Almonds have a dense and diverse nutrient profile. Whereas some foods are known for their protein fat or vitamin content alone, raw almonds contain a wide range of macro and micro nutrients[6] which make them a valuable addition to almost any healthy diet. One ounce of almonds (about 23 almonds) contains the following:

  • 3.5 grams of fiber
  • 6 grams of protein
  • 2.5 grams of carbohydrates 
  • 14 grams of fat
  • 37% of the recommended daily intake of Vitamin E
  • 32% of the recommended daily intake of manganese
  • 20% of the recommended daily intake of magnesium 
  • Vitamin B2, copper, and phosphorus
  • 161 calories

Each vitamin and mineral in almonds plays its part in human health, however, there are some worth calling out. Manganese, for example, is excellent for bone and dental health. Vitamin E is a powerful antioxidant and anti-inflammatory compound great for cognition and skin health. Almonds also contain biotin (vitamin B), which is essential for food metabolism. The copper in almonds helps with energy production and maintaining healthy tissue. And when we think of protein, we often think of meat, eggs, and fish, however, almonds are packed with protein (an excellent source for meat eaters and vegans alike). Just a quarter cup of almonds provides 10% of the daily recommended allowance of protein. Protein is needed for muscles, energy, hormone balance, and overall longevity.

How To Add Almonds To Your Diet?

How To Add Almonds To Your Diet
Almonds can also be consumed in various forms. Photo: KRIACHKO OLEKSII/Shutterstock

Almonds can be eaten in their purest, raw form by the handful. It can also be toasted by baking them in the oven or heating them on the stove in a pan for just a few minutes. Almonds can be cut, sliced, and added to any dish, salad, baked goods, or cereal.

While almond consumption is extremely healthy, they do contain high amounts of phytic acid, an anti-nutrient – a natural chemical that prevents bugs from eating them. The phytic acid can bind to some of the vitamins and minerals in the almonds, which then prevents them from being absorbed into the body. In order to remove some of the phytic acids, it’s recommended to soak the almonds for at least a few hours before consuming them (the same is true for other nuts, seeds, grains, and beans).

Almonds can also be consumed in their various “processed” forms:

  • Almond flour for baking, pancakes, etc.
  • Almond milk for cereal, oatmeal, drinks, smoothies, etc.
  • Almond butter for sandwiches, toast, etc.
  • Almond oil for cooking and seasoning, etc. (almond oil can also be applied topically)


Almonds are a rare food that contains high levels of vitamins, minerals, and the macronutrient combination of healthy fats, carbohydrates, and protein, as well as dietary fiber. Almonds can be refined into flour, crushed into almond butter, or milked to make non-dairy milk. It has numerous health benefits that include hormone balance, body weight loss, improved cognition, better heart health, and blood sugar balance.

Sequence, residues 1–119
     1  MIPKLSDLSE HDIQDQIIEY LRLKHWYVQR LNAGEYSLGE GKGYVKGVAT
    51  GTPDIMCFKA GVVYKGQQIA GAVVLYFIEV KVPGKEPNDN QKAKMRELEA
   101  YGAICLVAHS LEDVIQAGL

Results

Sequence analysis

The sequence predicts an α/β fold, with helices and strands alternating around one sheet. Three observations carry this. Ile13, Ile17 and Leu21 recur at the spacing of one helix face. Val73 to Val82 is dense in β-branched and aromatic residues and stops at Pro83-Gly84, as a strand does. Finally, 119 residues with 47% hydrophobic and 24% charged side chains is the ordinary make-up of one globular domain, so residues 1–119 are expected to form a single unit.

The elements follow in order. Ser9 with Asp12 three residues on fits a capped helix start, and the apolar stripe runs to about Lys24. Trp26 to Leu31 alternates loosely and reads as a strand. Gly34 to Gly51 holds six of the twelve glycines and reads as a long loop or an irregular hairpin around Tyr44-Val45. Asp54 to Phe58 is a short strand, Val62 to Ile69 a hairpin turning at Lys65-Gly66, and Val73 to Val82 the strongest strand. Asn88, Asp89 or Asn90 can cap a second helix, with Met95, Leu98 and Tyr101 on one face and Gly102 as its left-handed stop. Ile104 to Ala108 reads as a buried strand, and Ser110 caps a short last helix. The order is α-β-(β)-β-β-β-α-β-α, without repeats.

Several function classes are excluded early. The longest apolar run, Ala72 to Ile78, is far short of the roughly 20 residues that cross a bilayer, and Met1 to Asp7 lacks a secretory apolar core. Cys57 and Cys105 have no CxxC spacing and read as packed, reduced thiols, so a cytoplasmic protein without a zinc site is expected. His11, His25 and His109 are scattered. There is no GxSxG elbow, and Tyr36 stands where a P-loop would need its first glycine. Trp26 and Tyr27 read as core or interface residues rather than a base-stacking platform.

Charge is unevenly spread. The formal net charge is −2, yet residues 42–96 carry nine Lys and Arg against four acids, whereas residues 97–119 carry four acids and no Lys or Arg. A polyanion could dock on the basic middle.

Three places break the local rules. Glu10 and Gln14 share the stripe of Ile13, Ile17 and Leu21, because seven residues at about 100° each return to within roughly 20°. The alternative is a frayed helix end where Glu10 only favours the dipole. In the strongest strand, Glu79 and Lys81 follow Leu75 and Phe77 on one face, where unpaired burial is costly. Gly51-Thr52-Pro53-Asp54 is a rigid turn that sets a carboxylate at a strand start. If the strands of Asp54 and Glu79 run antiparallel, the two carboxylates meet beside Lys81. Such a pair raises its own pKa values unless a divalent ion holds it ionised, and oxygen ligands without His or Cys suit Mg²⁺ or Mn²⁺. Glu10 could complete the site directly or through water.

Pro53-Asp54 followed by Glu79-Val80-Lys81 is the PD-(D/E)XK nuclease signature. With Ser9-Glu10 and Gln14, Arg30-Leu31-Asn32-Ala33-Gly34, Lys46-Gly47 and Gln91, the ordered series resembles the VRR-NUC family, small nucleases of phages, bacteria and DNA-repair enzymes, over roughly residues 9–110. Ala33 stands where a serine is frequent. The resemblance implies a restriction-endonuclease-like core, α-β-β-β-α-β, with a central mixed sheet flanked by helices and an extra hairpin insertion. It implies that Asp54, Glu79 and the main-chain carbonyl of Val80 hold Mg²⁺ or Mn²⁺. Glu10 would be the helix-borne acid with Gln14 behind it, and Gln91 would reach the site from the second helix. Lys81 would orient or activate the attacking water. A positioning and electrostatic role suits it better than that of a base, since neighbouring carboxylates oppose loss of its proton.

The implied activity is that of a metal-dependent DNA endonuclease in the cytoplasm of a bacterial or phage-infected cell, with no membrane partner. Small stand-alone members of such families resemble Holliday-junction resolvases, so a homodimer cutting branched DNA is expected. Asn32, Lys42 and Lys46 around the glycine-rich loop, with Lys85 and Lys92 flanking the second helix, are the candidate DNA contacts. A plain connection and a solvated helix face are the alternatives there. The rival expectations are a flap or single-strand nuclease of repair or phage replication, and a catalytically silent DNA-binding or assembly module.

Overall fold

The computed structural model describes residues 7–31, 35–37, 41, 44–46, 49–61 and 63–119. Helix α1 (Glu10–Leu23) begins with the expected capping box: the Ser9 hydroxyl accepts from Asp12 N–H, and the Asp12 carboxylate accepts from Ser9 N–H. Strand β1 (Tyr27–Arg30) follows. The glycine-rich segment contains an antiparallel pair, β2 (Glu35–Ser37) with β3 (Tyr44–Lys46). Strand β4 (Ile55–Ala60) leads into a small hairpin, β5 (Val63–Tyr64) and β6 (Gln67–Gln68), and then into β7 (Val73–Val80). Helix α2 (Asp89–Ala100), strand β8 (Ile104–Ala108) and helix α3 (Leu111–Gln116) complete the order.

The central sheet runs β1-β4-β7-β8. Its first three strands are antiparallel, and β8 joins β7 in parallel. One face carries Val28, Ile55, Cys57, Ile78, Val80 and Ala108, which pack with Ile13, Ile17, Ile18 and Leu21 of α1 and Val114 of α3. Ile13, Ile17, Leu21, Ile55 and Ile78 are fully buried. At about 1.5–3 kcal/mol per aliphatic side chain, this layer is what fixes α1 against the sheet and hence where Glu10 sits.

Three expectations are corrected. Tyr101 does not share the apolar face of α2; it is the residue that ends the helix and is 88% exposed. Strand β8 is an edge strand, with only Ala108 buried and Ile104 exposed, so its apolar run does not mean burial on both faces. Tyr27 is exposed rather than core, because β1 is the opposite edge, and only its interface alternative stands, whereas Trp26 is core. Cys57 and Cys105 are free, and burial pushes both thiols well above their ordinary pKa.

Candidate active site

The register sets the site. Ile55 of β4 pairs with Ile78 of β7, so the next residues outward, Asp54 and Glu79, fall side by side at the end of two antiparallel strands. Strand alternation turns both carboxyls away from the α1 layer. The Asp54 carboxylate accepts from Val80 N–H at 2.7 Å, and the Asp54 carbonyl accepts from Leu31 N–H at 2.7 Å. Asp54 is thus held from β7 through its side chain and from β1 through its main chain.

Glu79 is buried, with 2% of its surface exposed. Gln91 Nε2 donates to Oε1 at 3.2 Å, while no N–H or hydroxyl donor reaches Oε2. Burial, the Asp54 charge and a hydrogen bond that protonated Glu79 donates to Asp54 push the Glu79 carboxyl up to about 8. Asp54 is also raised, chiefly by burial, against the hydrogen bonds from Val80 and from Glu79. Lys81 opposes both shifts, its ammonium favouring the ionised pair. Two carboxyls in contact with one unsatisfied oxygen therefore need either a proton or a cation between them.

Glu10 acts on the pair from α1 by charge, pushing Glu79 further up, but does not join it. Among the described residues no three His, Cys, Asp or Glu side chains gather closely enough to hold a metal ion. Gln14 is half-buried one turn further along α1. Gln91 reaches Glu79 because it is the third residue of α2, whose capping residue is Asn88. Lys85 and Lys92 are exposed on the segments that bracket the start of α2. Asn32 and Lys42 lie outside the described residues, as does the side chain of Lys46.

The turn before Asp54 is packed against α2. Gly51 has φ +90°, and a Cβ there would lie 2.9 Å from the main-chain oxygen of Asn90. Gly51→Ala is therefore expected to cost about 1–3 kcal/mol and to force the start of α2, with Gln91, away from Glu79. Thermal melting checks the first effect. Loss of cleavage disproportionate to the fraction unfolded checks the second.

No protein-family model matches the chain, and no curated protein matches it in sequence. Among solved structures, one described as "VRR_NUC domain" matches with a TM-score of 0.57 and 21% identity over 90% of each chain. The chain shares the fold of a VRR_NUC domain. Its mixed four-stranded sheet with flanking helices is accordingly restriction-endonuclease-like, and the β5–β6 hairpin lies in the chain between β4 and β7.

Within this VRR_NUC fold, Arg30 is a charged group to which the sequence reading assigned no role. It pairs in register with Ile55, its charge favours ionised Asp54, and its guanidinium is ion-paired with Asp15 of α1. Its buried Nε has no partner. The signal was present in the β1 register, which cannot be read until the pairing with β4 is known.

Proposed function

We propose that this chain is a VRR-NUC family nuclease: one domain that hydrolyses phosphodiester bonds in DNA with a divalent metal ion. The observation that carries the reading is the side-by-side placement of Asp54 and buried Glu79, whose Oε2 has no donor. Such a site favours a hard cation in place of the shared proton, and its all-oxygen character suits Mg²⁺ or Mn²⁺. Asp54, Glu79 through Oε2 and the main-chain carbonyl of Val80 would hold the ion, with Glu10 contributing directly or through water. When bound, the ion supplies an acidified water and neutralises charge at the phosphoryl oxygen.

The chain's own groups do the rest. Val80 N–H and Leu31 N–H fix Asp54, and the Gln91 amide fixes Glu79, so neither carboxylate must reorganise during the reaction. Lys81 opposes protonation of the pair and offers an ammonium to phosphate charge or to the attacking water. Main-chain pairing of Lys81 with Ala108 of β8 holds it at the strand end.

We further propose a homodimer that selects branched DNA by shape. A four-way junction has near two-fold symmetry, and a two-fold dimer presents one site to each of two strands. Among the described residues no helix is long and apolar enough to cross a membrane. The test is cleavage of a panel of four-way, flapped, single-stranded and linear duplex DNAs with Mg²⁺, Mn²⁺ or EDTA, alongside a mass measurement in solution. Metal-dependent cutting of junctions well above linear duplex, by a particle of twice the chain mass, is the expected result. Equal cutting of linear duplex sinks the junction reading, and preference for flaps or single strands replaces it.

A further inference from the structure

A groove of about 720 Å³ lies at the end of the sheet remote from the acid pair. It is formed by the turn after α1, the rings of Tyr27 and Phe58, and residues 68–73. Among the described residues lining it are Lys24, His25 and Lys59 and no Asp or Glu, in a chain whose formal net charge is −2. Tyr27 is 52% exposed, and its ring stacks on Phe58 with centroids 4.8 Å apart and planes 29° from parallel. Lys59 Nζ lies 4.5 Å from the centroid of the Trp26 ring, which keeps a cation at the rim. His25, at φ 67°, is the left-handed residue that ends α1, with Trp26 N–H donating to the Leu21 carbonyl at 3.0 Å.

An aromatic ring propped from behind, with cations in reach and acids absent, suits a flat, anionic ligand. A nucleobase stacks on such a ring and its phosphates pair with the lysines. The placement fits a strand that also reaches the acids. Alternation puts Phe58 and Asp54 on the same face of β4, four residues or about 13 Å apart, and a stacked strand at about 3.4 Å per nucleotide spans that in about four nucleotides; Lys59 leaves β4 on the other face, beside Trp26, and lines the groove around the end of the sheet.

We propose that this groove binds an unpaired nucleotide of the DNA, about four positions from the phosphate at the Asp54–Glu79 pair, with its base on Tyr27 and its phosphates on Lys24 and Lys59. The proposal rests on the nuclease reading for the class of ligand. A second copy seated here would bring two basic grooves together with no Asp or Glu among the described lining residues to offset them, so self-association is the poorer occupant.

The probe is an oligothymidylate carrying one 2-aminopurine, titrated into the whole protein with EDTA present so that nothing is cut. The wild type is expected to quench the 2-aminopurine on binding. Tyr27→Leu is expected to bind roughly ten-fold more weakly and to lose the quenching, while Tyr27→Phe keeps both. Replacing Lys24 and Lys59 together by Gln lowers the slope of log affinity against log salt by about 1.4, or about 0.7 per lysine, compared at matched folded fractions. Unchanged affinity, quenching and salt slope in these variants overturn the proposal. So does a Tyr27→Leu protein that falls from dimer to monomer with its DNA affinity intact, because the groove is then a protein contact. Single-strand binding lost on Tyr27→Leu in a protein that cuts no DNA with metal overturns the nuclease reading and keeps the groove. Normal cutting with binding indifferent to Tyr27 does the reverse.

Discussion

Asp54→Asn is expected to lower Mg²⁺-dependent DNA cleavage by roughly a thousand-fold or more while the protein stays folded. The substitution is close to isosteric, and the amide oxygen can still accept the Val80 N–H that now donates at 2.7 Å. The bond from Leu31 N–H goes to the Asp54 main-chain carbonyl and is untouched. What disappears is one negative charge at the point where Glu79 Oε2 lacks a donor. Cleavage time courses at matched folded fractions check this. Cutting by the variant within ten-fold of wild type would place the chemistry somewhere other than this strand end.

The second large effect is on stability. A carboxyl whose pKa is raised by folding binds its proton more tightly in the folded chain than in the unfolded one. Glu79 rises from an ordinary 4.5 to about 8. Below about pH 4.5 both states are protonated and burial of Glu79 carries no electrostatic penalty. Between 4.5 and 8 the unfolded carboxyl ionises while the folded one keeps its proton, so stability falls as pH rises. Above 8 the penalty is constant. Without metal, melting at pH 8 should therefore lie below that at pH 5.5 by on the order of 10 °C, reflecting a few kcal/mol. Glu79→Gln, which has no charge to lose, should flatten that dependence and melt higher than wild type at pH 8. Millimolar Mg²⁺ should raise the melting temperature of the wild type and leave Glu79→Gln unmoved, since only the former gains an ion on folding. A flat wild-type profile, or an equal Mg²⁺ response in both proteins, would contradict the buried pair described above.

Frequently Asked Questions

Can I eat almonds if I’m allergic to peanuts?

Almonds are a great alternative to peanuts, however, it’s important that you confirm with an allergist that you are not allergic to almonds either. Many people with peanut allergies are also allergic to other nuts, so just double-check with your doctor.

Are almonds good for digestion?

They can be for many people, however, nuts can be problematic for some individuals with autoimmune conditions and/or gut imbalances. They are not recommended as part of certain autoimmune protocol diets. Listen to your body and see how you feel when you include or exclude almonds from your diet. 

Is it safe to eat almonds multiple times a day?

Yes, you can snack on almonds a few times a day, however, it’s not recommended to eat more than one ounce (23 almonds) a day, unless otherwise instructed by a doctor. 

+ 6 Sources

EHproject has strict sourcing guidelines and relies on peer-reviewed studies, academic research institutions, and medical associations. We work mostly with peer-reviewed studies to ensure accurate information. We avoid using tertiary references. You can learn more about how we ensure our content is accurate and current by reading our editorial policy.

  1. Abraham, A., Ajoe John Kattoor, Saldeen, T. and Mehta, J.L. (2018). Vitamin E and its anticancer effects. Critical Reviews in Food Science and Nutrition, [online] 59(17), pp.2831–2838. doi:https://doi.org/10.1080/10408398.2018.1474169.
  2. Zehra Batool, Sadia Sadir, Laraib Liaquat, Tabassum, S., Syeda Madiha, Rafiq, S., Tariq, S., Tuba Sharf Batool, Saleem, S., Naqvi, F., Perveen, T. and Haider, S. (2016). Repeated administration of almonds increases brain acetylcholine levels and enhances memory function in healthy rats while attenuates memory deficits in animal model of amnesia. Brain Research Bulletin, [online] 120, pp.63–74. doi:https://doi.org/10.1016/j.brainresbull.2015.11.001.
  3. Clemetson, A.B., Carlo, Burney, G.A., Patel, T., N. Kozhiashvili and Taylor, R. (1978). Estrogens in Food: The Almond Mystery. International journal of gynaecology and obstetrics, [online] 15(6), pp.515–521. doi:https://doi.org/10.1002/j.1879-3479.1977.tb00745.x.
  4. Hull, S., Re, R., Chambers, L., A Echániz and Martin (2014). A mid-morning snack of almonds generates satiety and appropriate adjustment of subsequent food intake in healthy women. European journal of nutrition, [online] 54(5), pp.803–810. doi:https://doi.org/10.1007/s00394-014-0759-z.
  5. Liu, Z., Lin, X., Huang, G., Zhang, W., Rao, P. and Ni, L. (2014). Prebiotic effects of almonds and almond skins on intestinal microbiota in healthy adult humans. Anaerobe, [online] 26, pp.1–6. doi:https://doi.org/10.1016/j.anaerobe.2013.11.007.
  6. Usda.gov. (2023). FoodData Central. [online] Available at: https://fdc.nal.usda.gov/fdc-app.html#/food-details/170567/nutrients.


A health coach specializing in Integrative Nutrition, I approach wellness with a holistic and functional medicine perspective. As a writer, I simplify intricate topics such as nutrition, gut and hormone health, mental well-being, and spiritual health,… See More